Resurfacing the Fairfax Street parking lot and adding rain gardens to provide a place where the water could be absorbed are two options to stop that. A 2015 Warm Springs Run Green Infrastructure Study for the Upper Watershed by Thrasher Engineering includes those steps.
Streetscapes committee co-chair Sally Marshall said the lot is privately owned by three entities, and they would have to agree to place a rain garden there. MacLeod said the committees that work together to improve stormwater management in town are willing to assist.
Some homeowners are installing rain gardens and have planted trees on their property to improve stormwater runoff.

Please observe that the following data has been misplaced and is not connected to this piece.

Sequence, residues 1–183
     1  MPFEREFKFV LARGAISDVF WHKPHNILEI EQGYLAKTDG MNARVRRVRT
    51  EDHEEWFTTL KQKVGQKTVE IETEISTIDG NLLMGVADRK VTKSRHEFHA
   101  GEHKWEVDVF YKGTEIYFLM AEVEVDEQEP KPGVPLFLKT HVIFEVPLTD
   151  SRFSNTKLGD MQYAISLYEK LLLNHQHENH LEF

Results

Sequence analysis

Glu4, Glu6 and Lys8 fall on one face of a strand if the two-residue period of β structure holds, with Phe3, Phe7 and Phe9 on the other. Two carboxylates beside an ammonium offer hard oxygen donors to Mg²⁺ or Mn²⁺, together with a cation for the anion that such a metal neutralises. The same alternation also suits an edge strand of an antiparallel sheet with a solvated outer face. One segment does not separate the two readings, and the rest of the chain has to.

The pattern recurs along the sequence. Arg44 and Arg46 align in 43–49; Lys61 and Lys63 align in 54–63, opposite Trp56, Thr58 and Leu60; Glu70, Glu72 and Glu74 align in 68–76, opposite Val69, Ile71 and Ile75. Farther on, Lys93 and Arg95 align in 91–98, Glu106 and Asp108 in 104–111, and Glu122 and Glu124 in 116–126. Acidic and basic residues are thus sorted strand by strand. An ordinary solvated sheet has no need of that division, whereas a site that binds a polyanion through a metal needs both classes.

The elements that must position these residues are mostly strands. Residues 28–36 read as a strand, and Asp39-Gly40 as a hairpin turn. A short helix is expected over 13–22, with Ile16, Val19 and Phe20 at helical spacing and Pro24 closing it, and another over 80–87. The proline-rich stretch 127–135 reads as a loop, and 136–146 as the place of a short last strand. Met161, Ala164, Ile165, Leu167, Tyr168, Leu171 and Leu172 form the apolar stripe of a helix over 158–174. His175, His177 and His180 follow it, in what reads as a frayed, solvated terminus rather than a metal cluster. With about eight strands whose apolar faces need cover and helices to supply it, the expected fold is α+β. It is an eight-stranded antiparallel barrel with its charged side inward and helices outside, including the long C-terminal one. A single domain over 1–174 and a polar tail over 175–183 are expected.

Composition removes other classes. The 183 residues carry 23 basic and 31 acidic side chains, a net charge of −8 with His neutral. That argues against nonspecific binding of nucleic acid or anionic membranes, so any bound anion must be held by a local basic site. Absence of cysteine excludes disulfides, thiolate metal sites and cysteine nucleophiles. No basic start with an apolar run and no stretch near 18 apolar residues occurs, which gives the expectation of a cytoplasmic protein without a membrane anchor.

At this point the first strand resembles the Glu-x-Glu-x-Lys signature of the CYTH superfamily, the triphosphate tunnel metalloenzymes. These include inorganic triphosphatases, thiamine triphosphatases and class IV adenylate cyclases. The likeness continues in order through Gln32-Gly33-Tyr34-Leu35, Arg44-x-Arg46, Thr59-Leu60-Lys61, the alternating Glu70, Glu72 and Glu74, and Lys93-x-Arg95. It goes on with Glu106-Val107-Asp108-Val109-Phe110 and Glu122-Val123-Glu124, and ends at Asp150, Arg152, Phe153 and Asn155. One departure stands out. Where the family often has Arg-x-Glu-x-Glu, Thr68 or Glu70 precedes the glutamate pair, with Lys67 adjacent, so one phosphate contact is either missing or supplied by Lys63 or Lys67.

Morgan County Commission President Joel Tuttle had said that a rain garden is being planned for the County Courthouse parking lot that has drainage problems and contributes to flooding events.
Tuttle said on Monday that the commission is still looking at a plan to help alleviate the flooding. Some type of bioretention area like a rain garden will be installed in the lot, along with a pipe through the wall next to the Run to collect and divert the water that backs up against the wall.
“We will need to get it done before the next rainy season begins next spring,” Tuttle said.
“We live in a flood zone, so we will have flooding, but we have to find ways to reduce the damage,” MacLeod said. “It’s better for everybody.”